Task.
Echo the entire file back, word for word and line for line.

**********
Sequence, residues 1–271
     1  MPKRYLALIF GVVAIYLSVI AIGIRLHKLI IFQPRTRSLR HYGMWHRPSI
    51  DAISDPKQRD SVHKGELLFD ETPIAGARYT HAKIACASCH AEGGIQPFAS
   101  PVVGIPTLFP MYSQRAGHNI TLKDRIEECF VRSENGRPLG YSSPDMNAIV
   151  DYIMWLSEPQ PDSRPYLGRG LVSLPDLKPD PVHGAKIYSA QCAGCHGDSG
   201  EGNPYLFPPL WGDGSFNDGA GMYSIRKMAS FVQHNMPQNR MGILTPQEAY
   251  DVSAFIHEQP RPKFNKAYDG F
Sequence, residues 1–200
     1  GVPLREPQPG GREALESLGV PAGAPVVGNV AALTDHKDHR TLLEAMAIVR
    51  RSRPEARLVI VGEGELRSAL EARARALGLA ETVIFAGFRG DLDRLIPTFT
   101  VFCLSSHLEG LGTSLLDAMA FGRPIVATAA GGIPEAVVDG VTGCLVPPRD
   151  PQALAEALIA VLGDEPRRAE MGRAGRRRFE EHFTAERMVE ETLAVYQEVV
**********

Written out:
Sequence, residues 1–271
     1  MPKRYLALIF GVVAIYLSVI AIGIRLHKLI IFQPRTRSLR HYGMWHRPSI
    51  DAISDPKQRD SVHKGELLFD ETPIAGARYT HAKIACASCH AEGGIQPFAS
   101  PVVGIPTLFP MYSQRAGHNI TLKDRIEECF VRSENGRPLG YSSPDMNAIV
   151  DYIMWLSEPQ PDSRPYLGRG LVSLPDLKPD PVHGAKIYSA QCAGCHGDSG
   201  EGNPYLFPPL WGDGSFNDGA GMYSIRKMAS FVQHNMPQNR MGILTPQEAY
   251  DVSAFIHEQP RPKFNKAYDG F
Sequence, residues 1–200
     1  GVPLREPQPG GREALESLGV PAGAPVVGNV AALTDHKDHR TLLEAMAIVR
    51  RSRPEARLVI VGEGELRSAL EARARALGLA ETVIFAGFRG DLDRLIPTFT
   101  VFCLSSHLEG LGTSLLDAMA FGRPIVATAA GGIPEAVVDG VTGCLVPPRD
   151  PQALAEALIA VLGDEPRRAE MGRAGRRRFE EHFTAERMVE ETLAVYQEVV